The Fruit of Prayer

Monica sat in church that afternoon, tired and tearful, and thinking about her life.  Married for 12 years, with 3 kids and a violent husband at home, she even had her overbearing mother-in-law living with them.  Had it always been like this?  Monica remembered her parents, both faithful Christians, who’d given her a happy childhood.  But their choice in her husband left a lot to be desired.  He was much older than Monica and had a boring job at City Hall.  Worse than that, he wasn’t a Christian and resented all the time she spent at church.  He wouldn’t let the kids be baptized, and this hurt Monica most of all.  She loved Jesus so much and wanted her children to share in that love.  So Monica cried and prayed to God for strength, and faith, and patience.
 
For the next few years, life seemed no happier for her.  Her husband drank heavily and everyone in town knew he was unfaithful to her.  Her oldest son was now away at college and, while he was an excellent student, he enjoyed drinking too much and sleeping around–just like his dad.  But Monica never complained to anyone but her Lord.  Her prayers seemed to have been answered finally when her husband, now in failing health, accepted his wife’s Christian faith and was baptized, just one year before his death.  Even her mother-in-law had joined the Church.  These were consolations to Monica, though her oldest son seemed further than ever from a Christian life.
 
He was teaching now in a big city and Monica knew his life was a mess.  He’d been living with a woman and now they’d had a child together.  His circle of friends was disreputable, even anti-Christian.  It broke Monica’s heart and her prayers and tears for her dear son seemed limitless.   Things got so bad that she even adopted his illegitimate child so she could keep her oldest son closer to her.  She prayed that her example of Christian love would bring him to Christ, too.  When her son got a big promotion to teach in a large university, Monica moved to the same city to be close to him.  She still went to Church every day to pray for him.  Monica became friends with the local Bishop, who encouraged her continued prayers and fasting for her son’s conversion.  Finally, in God’s time, her prayers were answered and, at the age of 33, her son was baptized at Easter by their friend, the Bishop.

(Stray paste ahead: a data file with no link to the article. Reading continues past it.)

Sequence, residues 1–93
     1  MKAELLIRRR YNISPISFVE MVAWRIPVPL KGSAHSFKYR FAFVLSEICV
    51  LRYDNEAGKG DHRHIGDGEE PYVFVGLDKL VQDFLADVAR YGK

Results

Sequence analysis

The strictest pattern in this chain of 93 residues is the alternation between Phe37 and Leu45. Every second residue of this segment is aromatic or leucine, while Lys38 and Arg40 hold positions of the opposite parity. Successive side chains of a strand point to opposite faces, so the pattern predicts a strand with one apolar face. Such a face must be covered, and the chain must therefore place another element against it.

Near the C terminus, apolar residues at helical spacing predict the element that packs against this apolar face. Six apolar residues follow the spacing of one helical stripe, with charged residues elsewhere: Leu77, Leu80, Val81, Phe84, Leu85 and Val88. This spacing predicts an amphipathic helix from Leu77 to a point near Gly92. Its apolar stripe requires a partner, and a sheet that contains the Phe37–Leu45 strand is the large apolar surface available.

The year was 387 and the bishop was St. Ambrose of Milan. Monica, her prayers answered, died soon after her son’s Baptism.  The young man whose mother had spent years on her knees in prayer was ordained to the priesthood just 4 years later.  In 396 he was made a Bishop himself and served the Church for 34 years in this role, until his own death.  Monica’s son was a prolific writer and a genius of theology.  He is St. Augustine, Bishop and Doctor of the Church, one of the most important figures in the history of Christianity.  Next Monday, August 27, the Catholic Church celebrates the Feast of St. Monica, his devoted and prayerful mother.  Any mother who has worried and prayed for the soul of her child can identify with the story of St. Monica.  Everything we know about her, we know from the writings of her son.  St. Augustine’s Confessions are a classic of Christian spirituality and a loving tribute to his prayerful mom, who never gave up on her wayward son.  Her prayers, disappointments, and tears were all a means of her growing in closeness to the Savior she loved.  In her heroic efforts for her son’s conversion, she herself became a Saint. And on Tuesday, the Church will celebrate the feast day of her son, St. Augustine, who came to Christ through his mother’s tearful prayers. 
 
“Nothing is far from God.” —-St. Monica (322-387 A.D.)
 
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2 Comments (+add yours?)

  1. Raul Soto
    Aug 24, 2012 @ 19:01:18

    What a beautiful story. Thank you for sharing it with us. May God bless you always.

    Reply

  2. tiberjudy
    Aug 24, 2012 @ 21:09:04

    Thank you Raul. I’m thankful for your readership and encouragement. I’m blessed to be able to share my thoughts and pray that the Lord uses my words for His glory. Bless you always, my friend.

    Reply

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